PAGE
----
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From BR Bullpen
Gary Lynn Nolan
- Bats Right, Throws Right
- Height 6' 2½", Weight 197 lb.
- High School Oroville High School
- Debut April 15, 1967
- Final Game September 18, 1977
- Born May 27, 1948 in Herlong, CA USA
 Biographical Information
Gary Nolan made his major league debut with the Cincinnati Reds in 1967 when he was still 18. He turned 19 a month later, but spent the full season in the majors, going 14-8, 2.58, and pitching 226.2 innings. He continued to pitch well over the next five seasons, but missed time with injuries in both 1968 and 1969. He started and lost Game 1 of the 1970 World Series against the Baltimore Orioles after going 18-7, 3.26 during the season. He also started Game 4 that year, but was chased in the 3rd inning as the Reds came back to win their only game of the Series. He had probably his best year in 1972, when the Reds returned to the Fall Classic. That year, he was 15-5, leading the National League in winning percentage and putting up an outstanding 1.99 ERA while being named to the All-Star Game for the only time of his career. As in 1970, he started and lost Game 1 of the Series, facing the Oakland Athletics, as he gave up two home runs to Gene Tenace. He was back on the mound for Game 6, but failed to get out of the 5th inning, and was not credited with the Reds' 8-1 win as a result. However, he missed almost all of the 1973 season with an injury, and all of 1974 as well.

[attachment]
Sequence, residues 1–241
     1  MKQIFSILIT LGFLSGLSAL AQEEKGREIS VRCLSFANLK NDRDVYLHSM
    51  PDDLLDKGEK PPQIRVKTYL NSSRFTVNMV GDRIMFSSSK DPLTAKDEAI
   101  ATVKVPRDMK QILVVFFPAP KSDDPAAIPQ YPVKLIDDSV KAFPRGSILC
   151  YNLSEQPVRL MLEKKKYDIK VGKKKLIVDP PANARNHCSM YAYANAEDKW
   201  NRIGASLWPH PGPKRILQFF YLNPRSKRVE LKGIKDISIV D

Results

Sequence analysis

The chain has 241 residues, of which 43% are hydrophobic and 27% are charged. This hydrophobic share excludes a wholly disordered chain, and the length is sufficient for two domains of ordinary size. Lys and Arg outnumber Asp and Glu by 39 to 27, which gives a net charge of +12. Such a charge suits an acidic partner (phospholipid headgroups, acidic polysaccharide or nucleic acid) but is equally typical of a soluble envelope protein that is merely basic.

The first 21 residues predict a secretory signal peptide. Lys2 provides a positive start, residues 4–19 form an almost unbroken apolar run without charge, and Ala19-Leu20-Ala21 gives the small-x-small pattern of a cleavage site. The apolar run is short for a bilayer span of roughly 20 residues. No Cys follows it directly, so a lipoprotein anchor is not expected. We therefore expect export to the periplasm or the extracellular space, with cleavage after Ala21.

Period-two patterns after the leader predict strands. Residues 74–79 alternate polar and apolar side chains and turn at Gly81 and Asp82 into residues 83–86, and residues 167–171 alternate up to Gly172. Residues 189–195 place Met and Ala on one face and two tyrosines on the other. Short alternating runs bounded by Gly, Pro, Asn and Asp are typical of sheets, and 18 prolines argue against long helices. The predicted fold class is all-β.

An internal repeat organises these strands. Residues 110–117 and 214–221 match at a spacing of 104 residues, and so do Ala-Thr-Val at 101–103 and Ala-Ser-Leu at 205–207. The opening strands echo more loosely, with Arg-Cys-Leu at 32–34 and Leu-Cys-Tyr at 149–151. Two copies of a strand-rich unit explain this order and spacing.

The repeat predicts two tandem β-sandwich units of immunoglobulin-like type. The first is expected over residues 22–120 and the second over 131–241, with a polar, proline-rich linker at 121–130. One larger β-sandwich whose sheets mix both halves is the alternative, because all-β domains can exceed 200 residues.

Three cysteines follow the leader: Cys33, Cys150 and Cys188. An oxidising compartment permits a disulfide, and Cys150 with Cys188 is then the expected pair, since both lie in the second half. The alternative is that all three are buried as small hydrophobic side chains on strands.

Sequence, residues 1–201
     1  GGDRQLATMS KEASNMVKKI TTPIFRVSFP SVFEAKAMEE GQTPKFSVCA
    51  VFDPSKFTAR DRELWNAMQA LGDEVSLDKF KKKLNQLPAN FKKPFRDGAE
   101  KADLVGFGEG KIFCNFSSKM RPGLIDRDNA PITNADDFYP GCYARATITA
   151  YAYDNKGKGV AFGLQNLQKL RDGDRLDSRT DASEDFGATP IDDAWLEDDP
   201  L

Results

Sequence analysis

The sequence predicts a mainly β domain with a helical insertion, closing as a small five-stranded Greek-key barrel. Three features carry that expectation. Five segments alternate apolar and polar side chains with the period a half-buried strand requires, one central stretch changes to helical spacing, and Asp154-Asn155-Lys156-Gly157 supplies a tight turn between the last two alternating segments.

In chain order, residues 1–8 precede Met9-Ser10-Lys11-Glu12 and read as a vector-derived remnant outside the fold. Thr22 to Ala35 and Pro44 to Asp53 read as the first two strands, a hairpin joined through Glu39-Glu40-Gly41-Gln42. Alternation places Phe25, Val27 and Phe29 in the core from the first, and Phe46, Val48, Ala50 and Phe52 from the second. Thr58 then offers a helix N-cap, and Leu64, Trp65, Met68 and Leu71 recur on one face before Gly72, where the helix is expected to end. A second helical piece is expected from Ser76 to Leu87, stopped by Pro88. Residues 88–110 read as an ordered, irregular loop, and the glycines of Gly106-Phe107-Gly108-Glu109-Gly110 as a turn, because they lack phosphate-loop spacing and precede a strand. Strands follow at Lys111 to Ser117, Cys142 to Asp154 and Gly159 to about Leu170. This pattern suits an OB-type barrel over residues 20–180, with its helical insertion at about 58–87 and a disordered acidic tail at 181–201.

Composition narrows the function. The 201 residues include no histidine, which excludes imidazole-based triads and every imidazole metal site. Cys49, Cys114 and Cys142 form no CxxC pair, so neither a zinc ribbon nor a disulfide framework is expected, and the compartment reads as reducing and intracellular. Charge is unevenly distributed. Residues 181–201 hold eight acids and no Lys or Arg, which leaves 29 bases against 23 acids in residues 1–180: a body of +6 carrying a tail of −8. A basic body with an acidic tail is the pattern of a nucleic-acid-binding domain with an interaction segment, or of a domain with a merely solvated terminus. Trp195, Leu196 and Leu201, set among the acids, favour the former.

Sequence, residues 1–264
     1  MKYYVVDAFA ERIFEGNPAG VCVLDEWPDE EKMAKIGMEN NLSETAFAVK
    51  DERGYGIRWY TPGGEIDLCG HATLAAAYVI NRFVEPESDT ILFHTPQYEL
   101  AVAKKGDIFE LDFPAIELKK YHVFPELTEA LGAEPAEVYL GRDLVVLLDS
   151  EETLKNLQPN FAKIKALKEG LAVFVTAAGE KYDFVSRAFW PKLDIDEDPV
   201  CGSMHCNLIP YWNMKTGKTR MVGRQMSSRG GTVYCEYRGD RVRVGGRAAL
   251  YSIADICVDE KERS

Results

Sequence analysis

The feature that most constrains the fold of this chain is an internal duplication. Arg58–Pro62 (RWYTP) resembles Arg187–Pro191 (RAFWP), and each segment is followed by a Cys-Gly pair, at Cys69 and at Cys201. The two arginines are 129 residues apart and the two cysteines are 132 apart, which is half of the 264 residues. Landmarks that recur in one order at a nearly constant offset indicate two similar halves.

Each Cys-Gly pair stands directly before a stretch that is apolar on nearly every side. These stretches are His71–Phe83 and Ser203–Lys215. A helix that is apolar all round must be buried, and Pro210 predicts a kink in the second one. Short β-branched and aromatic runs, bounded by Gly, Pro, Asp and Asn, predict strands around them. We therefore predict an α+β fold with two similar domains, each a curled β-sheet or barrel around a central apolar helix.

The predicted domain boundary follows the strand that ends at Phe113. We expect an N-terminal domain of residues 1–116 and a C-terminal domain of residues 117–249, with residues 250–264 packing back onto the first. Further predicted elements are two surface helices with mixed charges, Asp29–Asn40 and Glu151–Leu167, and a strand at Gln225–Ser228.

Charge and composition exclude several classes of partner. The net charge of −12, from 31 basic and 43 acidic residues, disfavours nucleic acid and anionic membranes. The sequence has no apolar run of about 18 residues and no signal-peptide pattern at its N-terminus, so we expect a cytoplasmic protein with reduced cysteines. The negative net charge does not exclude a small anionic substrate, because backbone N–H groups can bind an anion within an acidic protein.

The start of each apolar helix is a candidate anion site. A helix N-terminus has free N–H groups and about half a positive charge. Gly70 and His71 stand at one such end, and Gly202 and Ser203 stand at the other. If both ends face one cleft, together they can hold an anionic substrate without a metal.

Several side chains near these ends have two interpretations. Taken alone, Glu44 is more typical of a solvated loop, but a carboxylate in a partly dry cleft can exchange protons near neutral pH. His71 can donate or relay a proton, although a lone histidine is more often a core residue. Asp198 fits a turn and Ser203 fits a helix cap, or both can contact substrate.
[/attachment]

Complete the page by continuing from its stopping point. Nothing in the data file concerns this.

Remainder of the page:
His return to form in 1975 coincided with the greatest years of the "Big Red Machine". He went 15-9 that year, and again in 1976, as the Reds won the World Series both years. He made two starts in the 1975 World Series against the Boston Red Sox, but had a no-decision twice, then finally won a World Series game in Game 4 of the 1976 Series, beating the New York Yankees, 7-2, to complete a four-game sweep. He started out the 1977 season well, going 4-1 over his first 8 starts, but with a 4.81 ERA, then was sent to the California Angels for a minor leaguer at the June 15 trading deadline. He made 5 appearances with the Halos, going 0-3 with a 8.84 ERA and his career was over at age 29. Overall in 10 seasons, he had compiled a record of 110-70, for a .610 winning percentage, and a 3.08 ERA.
 Notable Achievements
- NL All-Star (1972)
- NL Winning Percentage Leader (1972)
- 15 Wins Seasons: 4 (1970, 1972, 1975 & 1976)
- 200 Innings Pitched Seasons: 5 (1967, 1970, 1971, 1975 & 1976)
- 200 Strikeouts Seasons: 1 (1967)
- Won two World Series with the Cincinnati Reds (1975 & 1976)
 Records Held
- Fielding percentage, pitcher, career, .990 (tied)